Dartmouth College has announced that Dr. Jim Yong Kim will be its 17th president. Dr. Kim currently serves as Chair of the Department of Global Health and Social Medicine at Harvard Medical School. He came to this country from South Korea at the age of three. His family settled in Muscatine, Iowa, where Dr. Kim went on to become valedictorian and president of his high school class, as well as quarterback of the football team. He graduated magna cum laude from Brown University in 1982 and went on to receive M.D. and Ph.D. degrees from Harvard.
Dr. Kim has worked for more than 20 years to improve world health, first as co-founder and executive director of Partners In Health, and then as Director of the HIV/AIDS department at the World Health Organization (WHO). I understand that he made particularly valuable contributions in Haiti, Russia, and Peru.
Dr. Kim has been described to me as a “non-ideological liberal.” If that proves to to be the case, we’ll be able to say that, in this respect, Dartmouth could easily have done worse.
Dartmouth faces huge challenges including, in my view, major challenges pertaining to the quality of the education it offers. This perspective may be viewed as driven by my ideology, and to some extent perhaps it is. However, it is not ideological to assert (for example) that all students should regularly attend class except when special circumstances prevent it. This does not occur at Dartmouth, even in some classes taught by popular professors. Perhaps Dr. Kim will look into this situation. Perhaps such an investigation will lead to the discovery of other matters of concern.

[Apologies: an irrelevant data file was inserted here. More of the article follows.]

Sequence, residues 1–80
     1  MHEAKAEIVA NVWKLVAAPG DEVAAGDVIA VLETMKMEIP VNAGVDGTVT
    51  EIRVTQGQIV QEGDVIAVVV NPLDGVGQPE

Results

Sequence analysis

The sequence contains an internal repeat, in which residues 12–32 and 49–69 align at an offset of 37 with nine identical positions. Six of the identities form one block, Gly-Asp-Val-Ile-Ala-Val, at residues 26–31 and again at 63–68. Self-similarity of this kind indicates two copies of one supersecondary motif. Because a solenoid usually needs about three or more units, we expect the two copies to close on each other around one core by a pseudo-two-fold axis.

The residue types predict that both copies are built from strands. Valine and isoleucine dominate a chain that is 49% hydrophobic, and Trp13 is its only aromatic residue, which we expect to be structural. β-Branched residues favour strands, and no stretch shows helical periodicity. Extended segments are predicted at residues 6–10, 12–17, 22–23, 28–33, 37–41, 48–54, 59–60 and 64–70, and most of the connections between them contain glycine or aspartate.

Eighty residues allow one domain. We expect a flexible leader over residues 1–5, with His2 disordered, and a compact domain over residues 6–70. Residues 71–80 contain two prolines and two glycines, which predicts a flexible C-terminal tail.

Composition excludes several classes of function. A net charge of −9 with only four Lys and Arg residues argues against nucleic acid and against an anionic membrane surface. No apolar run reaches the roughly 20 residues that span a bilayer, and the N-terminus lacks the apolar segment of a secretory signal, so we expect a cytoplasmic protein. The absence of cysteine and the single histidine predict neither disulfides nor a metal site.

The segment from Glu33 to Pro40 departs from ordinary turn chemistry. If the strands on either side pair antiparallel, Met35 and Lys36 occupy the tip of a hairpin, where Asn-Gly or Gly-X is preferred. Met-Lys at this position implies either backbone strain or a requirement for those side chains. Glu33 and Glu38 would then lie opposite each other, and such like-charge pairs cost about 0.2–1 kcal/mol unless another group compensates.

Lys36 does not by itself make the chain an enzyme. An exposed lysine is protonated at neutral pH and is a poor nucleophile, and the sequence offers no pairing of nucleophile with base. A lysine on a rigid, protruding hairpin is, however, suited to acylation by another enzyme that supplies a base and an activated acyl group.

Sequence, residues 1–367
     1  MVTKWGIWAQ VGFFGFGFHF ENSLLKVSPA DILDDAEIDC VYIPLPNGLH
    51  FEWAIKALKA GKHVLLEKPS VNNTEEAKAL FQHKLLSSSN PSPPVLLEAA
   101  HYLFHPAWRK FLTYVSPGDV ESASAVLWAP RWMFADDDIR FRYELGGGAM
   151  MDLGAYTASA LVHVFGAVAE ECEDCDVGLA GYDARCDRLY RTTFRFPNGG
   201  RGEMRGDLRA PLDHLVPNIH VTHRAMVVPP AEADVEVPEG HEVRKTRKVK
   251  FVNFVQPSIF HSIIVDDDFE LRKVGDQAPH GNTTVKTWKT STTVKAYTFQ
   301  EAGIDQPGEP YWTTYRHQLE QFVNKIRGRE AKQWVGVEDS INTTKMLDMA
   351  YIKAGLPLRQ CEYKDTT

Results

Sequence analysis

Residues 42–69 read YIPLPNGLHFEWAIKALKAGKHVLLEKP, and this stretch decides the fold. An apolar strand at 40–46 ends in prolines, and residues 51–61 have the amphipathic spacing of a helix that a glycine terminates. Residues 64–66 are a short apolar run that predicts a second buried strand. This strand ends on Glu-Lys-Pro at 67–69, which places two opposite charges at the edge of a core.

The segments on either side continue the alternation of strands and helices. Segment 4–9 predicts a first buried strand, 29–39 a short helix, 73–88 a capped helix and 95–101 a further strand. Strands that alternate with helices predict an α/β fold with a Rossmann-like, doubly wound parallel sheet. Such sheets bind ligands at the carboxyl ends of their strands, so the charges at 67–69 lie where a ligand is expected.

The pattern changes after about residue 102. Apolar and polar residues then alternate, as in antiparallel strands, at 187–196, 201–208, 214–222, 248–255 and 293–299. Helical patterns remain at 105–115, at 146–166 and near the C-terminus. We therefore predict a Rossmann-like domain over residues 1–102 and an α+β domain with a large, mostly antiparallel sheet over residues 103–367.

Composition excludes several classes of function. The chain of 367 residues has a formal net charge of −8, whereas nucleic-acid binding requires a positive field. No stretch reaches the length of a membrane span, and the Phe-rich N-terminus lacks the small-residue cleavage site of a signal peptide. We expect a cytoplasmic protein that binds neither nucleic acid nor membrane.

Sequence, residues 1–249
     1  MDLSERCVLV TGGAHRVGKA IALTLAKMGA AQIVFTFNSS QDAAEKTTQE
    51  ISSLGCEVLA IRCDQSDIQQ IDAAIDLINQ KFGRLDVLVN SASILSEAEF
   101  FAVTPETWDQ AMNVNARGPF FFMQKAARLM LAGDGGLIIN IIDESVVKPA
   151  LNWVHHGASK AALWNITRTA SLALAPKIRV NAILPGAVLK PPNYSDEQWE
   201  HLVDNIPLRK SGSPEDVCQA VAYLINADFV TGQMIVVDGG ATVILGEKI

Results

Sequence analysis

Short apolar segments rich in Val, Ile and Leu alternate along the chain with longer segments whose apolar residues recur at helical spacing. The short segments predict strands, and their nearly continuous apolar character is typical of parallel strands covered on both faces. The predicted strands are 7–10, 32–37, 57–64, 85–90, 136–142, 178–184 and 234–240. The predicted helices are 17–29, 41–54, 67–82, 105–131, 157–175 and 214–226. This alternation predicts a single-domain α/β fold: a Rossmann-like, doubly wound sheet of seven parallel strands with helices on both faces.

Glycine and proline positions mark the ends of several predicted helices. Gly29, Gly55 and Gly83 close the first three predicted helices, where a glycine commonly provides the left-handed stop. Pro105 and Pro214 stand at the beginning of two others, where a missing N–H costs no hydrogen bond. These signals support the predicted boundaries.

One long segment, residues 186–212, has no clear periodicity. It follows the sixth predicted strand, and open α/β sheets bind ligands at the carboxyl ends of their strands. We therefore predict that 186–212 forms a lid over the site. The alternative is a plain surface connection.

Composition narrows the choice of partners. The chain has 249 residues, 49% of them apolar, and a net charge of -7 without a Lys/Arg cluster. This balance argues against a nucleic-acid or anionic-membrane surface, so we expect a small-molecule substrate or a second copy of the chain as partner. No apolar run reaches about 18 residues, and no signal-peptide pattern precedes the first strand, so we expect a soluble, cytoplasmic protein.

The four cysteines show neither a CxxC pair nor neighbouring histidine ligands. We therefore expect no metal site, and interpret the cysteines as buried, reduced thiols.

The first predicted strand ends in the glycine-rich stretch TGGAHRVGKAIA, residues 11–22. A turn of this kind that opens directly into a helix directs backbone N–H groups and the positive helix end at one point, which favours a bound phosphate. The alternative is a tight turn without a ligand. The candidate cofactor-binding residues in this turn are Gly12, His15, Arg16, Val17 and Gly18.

Dr. Kim’s background does not appear to be centered around the “humanities.” In one sense this is unfortunate because I believe this is the area where Dartmouth faces its greatest challenges. On the other hand, given the outlook of so many leading “humanities” academics, it is probably for the best that Dartmouth did not draw its new president from that pool.
The actions of the Dartmouth Board of Trustees (in concert, I assume with the outgoing president) have alienated some Dartmouth alums, including me. The decision to renege on the College’s commitment to permit alumni to select half of the Trustees was particularly galling. I doubt that Dr. Kim will be in a position to reverse the high-handed decisions of the Dartmouth power brokers who, after all, selected him. Thus, he will be hard-pressed to to win back many of the alienated alums. However, if he reaches out to us, I’m confident that we will engage him.
To comment on this post, go here.